Artist Olafur Eliasson releases interactive works for Earth Day

Public invited to stare at series of dots for 10 seconds and consider each afterimage

Olafur Eliasson says he wants the public to be the artist for his latest work but it may not be a straightforward task – we are urged to rethink how we see the planet Earth.

To mark Earth Day 2020, Eliasson has begin to release what could be one of his most ambitious works in that it invites mass participation on a global scale.

Olafur Eliasson
Olafur Eliasson: ‘Maybe it is not the planet which is in danger. It is in fact us, the human race, making itself extinct. The planet will be fine’ Photograph: Walter Bieri/EPA

The artist will release, hourly from 10am on Instagram, nine luridly orange and pink coloured images of the Earth with a dot in the middle. People should stare at the dot for 10 seconds and then focus on a blank surface where an afterimage will appear in different colours. That in effect is our work of art – a new view of the world.

Eliasson admitted it was not an easy subject. “The wonderful idea of Earth Day allows one to take a step back, look at the planet from the outside and recognise that it is an object that is so hard and impossible to comprehend. It sort of escapes us.

“It is a bit like the climate, it is so vast and abstract and full of numbers and crazy people … how on earth am I going to help? Or have an opinion on it?”

The work, titled Earth perspectives, is about encouraging people to reflect on the co-existence of multiple world views. The after-image is a kind of “ice breaker” for bigger conversations, Eliasson said. There are many ways of thinking about it.

“Maybe it is not the planet which is in danger. It is in fact us, the human race, making itself extinct. The planet will be fine. Give it a few thousand years after the humans have fucked up everything and the Earth will thrive and be green and be wonderful.”

The nine images of Earth will be shown with different places at their centre. They include the Mariana Trench in the Pacific ocean, which at 11,000 metres, is the deepest trench on Earth yet still a place where human-made plastics have been found.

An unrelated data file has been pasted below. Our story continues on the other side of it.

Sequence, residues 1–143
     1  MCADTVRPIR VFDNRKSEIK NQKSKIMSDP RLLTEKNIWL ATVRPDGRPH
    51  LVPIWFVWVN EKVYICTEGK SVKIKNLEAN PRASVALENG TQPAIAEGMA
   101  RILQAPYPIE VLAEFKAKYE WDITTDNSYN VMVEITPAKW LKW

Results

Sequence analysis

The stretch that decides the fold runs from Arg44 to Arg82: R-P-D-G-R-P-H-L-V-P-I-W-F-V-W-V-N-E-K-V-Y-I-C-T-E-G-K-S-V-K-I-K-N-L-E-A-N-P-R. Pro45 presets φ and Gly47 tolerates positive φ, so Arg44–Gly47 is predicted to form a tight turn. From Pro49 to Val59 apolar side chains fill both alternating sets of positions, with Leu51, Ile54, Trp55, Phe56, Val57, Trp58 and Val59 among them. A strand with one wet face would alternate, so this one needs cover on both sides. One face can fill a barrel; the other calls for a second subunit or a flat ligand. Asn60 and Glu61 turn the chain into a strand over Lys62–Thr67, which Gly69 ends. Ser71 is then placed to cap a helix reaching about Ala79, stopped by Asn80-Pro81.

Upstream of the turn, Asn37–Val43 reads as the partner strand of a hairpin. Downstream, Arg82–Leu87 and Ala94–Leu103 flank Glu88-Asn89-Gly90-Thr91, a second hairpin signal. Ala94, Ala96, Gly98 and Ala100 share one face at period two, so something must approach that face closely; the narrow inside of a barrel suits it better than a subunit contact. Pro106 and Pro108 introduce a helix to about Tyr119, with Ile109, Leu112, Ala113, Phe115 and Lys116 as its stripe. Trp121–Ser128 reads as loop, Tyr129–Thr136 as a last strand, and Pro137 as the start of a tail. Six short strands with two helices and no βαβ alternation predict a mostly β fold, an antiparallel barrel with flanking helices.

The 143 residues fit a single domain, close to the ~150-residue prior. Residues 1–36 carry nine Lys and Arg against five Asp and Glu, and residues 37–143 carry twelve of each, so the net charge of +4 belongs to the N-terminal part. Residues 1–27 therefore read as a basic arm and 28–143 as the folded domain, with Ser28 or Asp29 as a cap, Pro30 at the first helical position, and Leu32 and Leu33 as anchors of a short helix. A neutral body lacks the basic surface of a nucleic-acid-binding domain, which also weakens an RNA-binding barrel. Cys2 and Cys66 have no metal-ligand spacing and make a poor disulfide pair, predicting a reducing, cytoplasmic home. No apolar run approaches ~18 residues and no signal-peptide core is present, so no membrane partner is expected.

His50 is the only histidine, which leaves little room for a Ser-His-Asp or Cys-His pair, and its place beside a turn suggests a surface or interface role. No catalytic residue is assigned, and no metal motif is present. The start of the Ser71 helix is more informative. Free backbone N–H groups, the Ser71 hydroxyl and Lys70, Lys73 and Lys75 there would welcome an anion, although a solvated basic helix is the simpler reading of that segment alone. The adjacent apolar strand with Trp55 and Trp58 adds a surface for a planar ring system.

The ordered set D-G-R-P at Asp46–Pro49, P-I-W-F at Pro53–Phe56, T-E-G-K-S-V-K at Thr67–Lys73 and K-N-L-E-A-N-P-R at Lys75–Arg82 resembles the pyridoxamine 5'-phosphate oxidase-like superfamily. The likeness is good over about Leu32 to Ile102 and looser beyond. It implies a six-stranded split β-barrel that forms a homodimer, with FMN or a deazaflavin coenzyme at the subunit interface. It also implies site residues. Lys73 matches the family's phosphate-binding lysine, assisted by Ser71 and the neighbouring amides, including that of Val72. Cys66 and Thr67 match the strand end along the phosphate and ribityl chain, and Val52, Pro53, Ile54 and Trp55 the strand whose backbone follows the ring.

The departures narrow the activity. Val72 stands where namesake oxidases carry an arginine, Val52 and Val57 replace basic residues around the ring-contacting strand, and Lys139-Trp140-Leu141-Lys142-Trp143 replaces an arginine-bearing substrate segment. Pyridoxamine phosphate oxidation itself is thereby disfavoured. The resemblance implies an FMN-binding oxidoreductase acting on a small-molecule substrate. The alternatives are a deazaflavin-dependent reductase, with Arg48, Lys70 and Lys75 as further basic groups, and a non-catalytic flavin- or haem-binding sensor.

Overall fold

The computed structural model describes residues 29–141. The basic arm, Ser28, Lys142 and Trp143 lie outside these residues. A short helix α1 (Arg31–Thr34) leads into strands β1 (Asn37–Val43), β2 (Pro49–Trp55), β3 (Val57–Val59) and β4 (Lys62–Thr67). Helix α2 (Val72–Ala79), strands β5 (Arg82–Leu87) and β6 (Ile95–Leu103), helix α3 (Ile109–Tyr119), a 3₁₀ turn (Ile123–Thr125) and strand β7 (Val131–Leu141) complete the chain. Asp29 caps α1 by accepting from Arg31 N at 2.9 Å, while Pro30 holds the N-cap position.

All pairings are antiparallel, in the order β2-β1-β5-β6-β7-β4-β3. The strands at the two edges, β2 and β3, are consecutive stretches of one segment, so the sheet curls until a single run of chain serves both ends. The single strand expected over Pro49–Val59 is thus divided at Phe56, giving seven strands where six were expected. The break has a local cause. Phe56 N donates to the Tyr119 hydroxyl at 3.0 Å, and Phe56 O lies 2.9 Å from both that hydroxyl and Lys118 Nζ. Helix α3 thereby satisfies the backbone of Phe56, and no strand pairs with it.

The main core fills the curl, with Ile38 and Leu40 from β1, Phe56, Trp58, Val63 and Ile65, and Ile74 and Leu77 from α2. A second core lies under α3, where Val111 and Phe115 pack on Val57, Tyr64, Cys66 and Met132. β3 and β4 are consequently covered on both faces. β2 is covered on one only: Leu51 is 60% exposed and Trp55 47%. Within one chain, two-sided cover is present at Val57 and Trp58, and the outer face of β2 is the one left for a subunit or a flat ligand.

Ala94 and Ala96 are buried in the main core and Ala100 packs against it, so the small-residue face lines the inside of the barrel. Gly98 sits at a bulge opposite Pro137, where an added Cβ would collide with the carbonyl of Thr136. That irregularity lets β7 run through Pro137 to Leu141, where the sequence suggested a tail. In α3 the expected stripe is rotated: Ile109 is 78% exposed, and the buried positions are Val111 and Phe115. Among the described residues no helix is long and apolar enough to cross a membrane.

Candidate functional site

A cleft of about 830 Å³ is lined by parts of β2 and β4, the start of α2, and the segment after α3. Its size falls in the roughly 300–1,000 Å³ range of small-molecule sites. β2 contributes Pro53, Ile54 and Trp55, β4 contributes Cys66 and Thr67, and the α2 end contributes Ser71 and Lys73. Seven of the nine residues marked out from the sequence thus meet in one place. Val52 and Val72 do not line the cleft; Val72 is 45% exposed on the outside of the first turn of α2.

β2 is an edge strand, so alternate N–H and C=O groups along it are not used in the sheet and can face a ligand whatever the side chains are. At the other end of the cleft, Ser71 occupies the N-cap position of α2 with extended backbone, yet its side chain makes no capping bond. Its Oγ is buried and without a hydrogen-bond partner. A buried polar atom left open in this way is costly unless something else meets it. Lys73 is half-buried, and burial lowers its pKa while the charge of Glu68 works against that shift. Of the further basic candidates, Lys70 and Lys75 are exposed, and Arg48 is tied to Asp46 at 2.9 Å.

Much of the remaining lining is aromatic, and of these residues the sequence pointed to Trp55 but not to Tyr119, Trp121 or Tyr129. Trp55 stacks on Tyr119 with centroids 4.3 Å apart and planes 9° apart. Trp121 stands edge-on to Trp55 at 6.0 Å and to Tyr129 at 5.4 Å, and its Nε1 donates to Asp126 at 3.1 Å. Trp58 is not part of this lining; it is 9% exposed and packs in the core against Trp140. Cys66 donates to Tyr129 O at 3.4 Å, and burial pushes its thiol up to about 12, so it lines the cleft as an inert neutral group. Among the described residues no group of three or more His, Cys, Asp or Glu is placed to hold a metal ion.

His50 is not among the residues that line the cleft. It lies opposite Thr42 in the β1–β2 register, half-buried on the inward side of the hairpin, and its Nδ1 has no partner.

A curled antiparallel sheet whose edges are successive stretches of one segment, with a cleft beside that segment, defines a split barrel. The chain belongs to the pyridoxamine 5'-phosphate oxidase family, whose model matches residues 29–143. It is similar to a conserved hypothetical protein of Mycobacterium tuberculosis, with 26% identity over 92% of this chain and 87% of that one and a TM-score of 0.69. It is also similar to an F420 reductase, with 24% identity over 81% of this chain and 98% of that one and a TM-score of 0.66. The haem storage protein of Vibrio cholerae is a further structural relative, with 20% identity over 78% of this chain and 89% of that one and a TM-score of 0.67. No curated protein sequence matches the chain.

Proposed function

Other locations are the Great Barrier Reef, the Ganges river in India, the Greenland ice sheet, and the Simien mountains in Ethiopia and Ecuador “because they are so unbelievably progressive on the rights of nature”, said Eliasson.

There is also Chernobyl in Ukraine, a fascinating story according to Eliasson in that it was the site of the worst nuclear disaster in history yet is now a place where rare and endangered wildlife thrives.

Eliasson said the project was about looking at the Earth from a distance, taking a step back to reconsider and redesign it.

He said he did not want to suggest how people should respond because “it will always end up excluding someone who is very likely smarter than me.”

The Danish-Icelandic artist is probably still best known in the UK for his Weather Project installation in the gallery’s Turbine Hall in 2003. It was one of the most popular installations in the Tate Modern’s history, with people lying down and basking in the dazzling fake sunlight.

Eliasson was back at Tate Modern last year when it staged the largest ever survey of his work with pieces, including a corridor of fog, which messed with human senses.

His Earth Day work was commissioned by the Serpentine gallery in London, part of its Back to Earth programme asking artists, architects, designers and thinkers to respond to the climate emergency.


Mark Brown Arts correspondent

The GuardianTramp

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